Keeper of the Lost Cities - Deleted Scene #8

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Fifth Deleted Scene from Neverseen I love this scene. But I still decided to cut it because the early draft of Neverseen had way too many Calla moments. She’s an amazing character, but I was still letting her slow the momentum of the story. So, I found other spots to work in any necessary information provided by this conversation and chopped the rest. —Shannon


AWN TURNED ALLUVETERRE INTO another world. Everywhere Sophie turned, she found color and life and wonder. The trees bloomed with fresh leaves and ruffled flowers. Shimmering

fish with scales as bright as gemstones leaped in and out of the river. Gorgeous birds flitted among the trees or perched among the branches. Her favorites were parrot-size, with deep black feathers and vivid yellow feather-Mohawks. Sophie made eye contact with one, stunned at the bird’s long eyelashes. She was even more stunned when it opened its beak and let out an earthshaking ROAR! Lions would’ve run in fear from the sound, and Sophie wondered if she’d imagined it. Until the bird batted its eyelashes and ROARed again. “Boobries,” a voice said behind her.

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She spun to find Calla standing among the trees. Her dress had been woven from tiny flowers, and she had the same buds twisted into her plaited hair. “What did you say?” Sophie asked. Calla pointed to the roaring birds. “Boobries. I’m sure your friend Keefe would have a plethora of jokes to make about their name.” Sophie smiled. “Yes, he would.” Calla held out her arm and made a series of soft clicks. The boobrie that had roared batted its eyelashes again and swooped to land on Calla’s wrist. The tiny gnome stroked its long tail feathers, which were the same vibrant yellow as the Mohawk on the boobrie’s head. And when the sunlight hit its body, Sophie could see an iridescent tint, like slicked oil. “How is he doing?” Calla asked, and at first Sophie thought she meant the boobrie. “Hopefully better today. But we’ll see.” She bit her lip, afraid to ask her next question. “Have you heard anything from Lur and Mitya?” “Unfortunately, no. But they warned the Collective that there’s been increased ogre activity in the area, and that is slowing their search.” Sophie tried to convince herself that no news was good news, but she honestly wasn’t sure what “good news” even was. Calla flicked her wrist, launching the boobrie back to its branch. “You’re up early.” “So are you.” “I’m always up at this time. I take my ten minutes during the warmth of midday.” “Is that really all you sleep?” Sophie felt tired just imagining it.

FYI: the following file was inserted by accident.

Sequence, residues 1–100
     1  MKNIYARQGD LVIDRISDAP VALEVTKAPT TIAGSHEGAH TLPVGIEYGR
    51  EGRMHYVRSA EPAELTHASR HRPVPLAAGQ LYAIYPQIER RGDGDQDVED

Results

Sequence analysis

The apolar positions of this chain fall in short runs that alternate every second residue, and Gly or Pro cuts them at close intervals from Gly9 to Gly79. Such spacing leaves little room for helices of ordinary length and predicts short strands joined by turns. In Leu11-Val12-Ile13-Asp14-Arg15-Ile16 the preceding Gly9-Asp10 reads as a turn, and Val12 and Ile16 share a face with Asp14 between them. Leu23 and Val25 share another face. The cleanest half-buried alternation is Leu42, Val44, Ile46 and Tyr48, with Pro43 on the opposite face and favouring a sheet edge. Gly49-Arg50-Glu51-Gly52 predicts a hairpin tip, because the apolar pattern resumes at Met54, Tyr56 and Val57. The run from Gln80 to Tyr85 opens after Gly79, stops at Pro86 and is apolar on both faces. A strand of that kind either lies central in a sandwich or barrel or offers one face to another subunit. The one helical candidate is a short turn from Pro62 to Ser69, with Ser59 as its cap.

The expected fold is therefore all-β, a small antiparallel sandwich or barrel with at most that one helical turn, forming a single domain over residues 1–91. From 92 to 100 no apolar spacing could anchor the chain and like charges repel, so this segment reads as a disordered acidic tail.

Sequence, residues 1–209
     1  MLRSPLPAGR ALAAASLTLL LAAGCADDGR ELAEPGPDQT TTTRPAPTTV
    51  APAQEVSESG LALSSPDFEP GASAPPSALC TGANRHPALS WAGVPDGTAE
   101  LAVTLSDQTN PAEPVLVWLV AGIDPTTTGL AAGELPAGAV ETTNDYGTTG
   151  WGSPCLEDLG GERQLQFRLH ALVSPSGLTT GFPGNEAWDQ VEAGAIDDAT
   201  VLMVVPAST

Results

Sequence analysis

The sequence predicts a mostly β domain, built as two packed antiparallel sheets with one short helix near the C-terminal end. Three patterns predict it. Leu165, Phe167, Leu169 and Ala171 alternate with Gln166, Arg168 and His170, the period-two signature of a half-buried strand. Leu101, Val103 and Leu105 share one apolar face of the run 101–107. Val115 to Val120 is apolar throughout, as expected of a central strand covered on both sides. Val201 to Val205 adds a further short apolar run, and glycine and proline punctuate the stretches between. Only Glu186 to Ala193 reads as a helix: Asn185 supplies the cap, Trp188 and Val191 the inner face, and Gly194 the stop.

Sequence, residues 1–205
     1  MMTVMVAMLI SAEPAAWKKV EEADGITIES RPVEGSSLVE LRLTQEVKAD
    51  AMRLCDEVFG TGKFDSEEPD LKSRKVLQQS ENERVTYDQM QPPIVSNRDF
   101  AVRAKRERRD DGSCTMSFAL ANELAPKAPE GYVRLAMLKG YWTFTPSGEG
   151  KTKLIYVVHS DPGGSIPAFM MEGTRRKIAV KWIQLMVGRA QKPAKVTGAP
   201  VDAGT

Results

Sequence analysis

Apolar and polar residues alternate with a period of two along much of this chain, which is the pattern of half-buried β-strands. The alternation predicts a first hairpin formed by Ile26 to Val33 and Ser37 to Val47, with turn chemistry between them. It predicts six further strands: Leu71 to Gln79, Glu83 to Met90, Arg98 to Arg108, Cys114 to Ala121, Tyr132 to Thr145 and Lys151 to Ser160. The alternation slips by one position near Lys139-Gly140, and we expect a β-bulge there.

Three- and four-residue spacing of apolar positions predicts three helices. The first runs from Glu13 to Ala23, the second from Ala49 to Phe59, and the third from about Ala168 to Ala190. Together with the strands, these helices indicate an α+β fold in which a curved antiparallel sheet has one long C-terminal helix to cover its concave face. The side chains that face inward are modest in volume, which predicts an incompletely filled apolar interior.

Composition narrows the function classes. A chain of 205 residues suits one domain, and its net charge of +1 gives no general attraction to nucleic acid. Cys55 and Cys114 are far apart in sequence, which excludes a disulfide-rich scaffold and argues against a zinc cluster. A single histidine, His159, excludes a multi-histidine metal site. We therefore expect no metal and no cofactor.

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“Well, it used to be twenty, but I need every minute I can get. Without Sior—and Gora and Yuri—there is a lot to keep up with.” “Do you need any help?” Sophie offered. “You’re very kind, but it’s the type of work only a gnome can do. It’d be nice to have some company, though.” Sophie followed Calla as she darted off the path, into the trees. The forest turned wild—an obstacle course of drooping vines and branches and roots that seemed determined to throw off Sophie’s balance. Calla wove through effortlessly, not cracking a twig or knocking a single leaf. “Where are we going?” Sophie asked. “To pick up where I left off yesterday.” Several minutes later they reached a copse of trees that seemed duller somehow. Fewer leaves on the branches. No flowers. No birds. Calla pressed her palm against one of the trunks. “I’m so sorry,” she whispered, running her hand down the crumbling bark. “I haven’t forgotten you.” Sophie realized Calla was talking to the tree. She whispered promises and apologies before she started to sing. It was a happy song, about the shifting seasons and the tireless sunlight that never strays too far away. Calla’s voice felt heavy in Sophie’s ears, like it could sink straight into the ground. And maybe it did, because the tree bloomed with new flowers and sprouted new leaves. “Amazing,” Sophie breathed. “Is this why gnomes can grow plants that no one else can?” “Our songs are part of it, yes. But it is mostly our listening. Plants

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always tell you what they need. They do not put on brave faces, or make pretenses. That’s why this plague has been so baffling. The trees at Wildwood have said nothing, and their silence forced the Colony to flee.” “Are the trees infected too?” Sophie asked. “Anything that harms us also harms the forest. Listening is how we maintain our health. Nature tells us what we need, and we obey—and give.” She pressed her palm against another tree and started singing again, this time a song about gentle rain. It should’ve been calming—Sophie even could’ve sworn she felt the drops on her skin—but she was too distracted by her new worry. “If the trees in Wildwood are silent, does that mean the plague has no cure?” “That is what many fear,” Calla whispered.

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